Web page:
If there’s one thing to take away from the loss of Beresheet, it’s that travel among the stars is exceptionally difficult. Today we’re reminded that even the slightest miscalculation can quickly escalate into tragedy when we leave the relative safety of Earth’s atmosphere. In an era when a mega-rocket launching a sport’s car live on YouTube seems oddly common place, it can be easy to forget that humanity’s long path to space featured as many heartbreaking defeats as it does triumphant successes.

This won’t be the last time that hundreds of millions of dollars worth of high-tech equipment will be lost while pushing the absolute edge of the envelope, and that’s nothing to be upset over. Humans have an insatiable need to see what’s over the horizon and that means we must take on a certain level of risk. The alternative is stagnation, and in the long run that will cost us a lot more than a few crashed probes.

Cortex 2 Is One Serious 3D Printed Experimental Rocket

Rocketry is wild, and [Foaly] is sharing build and design details of the Cortex 2 mini rocket which is entirely 3D printed. Don’t let that fool you into thinking it is in any way a gimmick; the Cortex 2 is a serious piece of engineering with some fascinating development.

Cortex 1 was launched as part of C’Space, an event allowing students to launch experimental rockets. Stuffed with sensors and entirely 3D printed, Cortex 1 flew well, but the parachute failed to deploy mainly due to an imperfectly bonded assembly. The hatch was recovered, but the rocket was lost. Lessons were learned, and Cortex 2 was drafted up before the end of the event.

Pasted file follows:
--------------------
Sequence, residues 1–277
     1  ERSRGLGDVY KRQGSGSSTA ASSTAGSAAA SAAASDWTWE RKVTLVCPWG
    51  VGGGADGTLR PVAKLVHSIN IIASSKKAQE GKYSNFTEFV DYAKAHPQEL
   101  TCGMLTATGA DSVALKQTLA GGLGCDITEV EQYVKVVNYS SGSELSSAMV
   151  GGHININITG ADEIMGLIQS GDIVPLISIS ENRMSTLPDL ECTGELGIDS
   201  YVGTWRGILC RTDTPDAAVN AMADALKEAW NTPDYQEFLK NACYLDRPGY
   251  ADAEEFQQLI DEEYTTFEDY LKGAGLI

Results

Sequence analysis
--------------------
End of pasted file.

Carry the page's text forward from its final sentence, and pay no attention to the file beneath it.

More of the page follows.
Some of the changes included tweaking the shape and reducing weight, and the refinements also led to reducing the number of fins from four to three. The fins for Cortex 2 are also reinforced with carbon fiber inserts and are bolted on to the main body.

Here’s an interesting details: apparently keeping the original fins would result in a rocket that was “overstable”. We didn’t really realize that was a thing. The results of overstabilizing are similar to a PID loop where gain is too high, and overcorrection results in oscillations instead of a nice stable trajectory.

Cortex 2 uses a different rocket motor from its predecessor, which led to another interesting design issue. The new motor is similar to hobby solid rocket motors where a small explosive charge at the top of the motor blows some time after the fuel is gone. This charge is meant to eject a parachute, but the Cortex 2 is not designed to use this method, and so the gasses must be vented. [Foaly] was understandably not enthusiastic about venting hot gasses through the mostly-PLA rocket body. Instead, a cylindrical cartridge was designed that both encases the motor and redirects any gasses from the explosive charge out the rear of the rocket. That cartridge was SLA printed out of what looks to us like Formlabs’ High Tempurature Resin.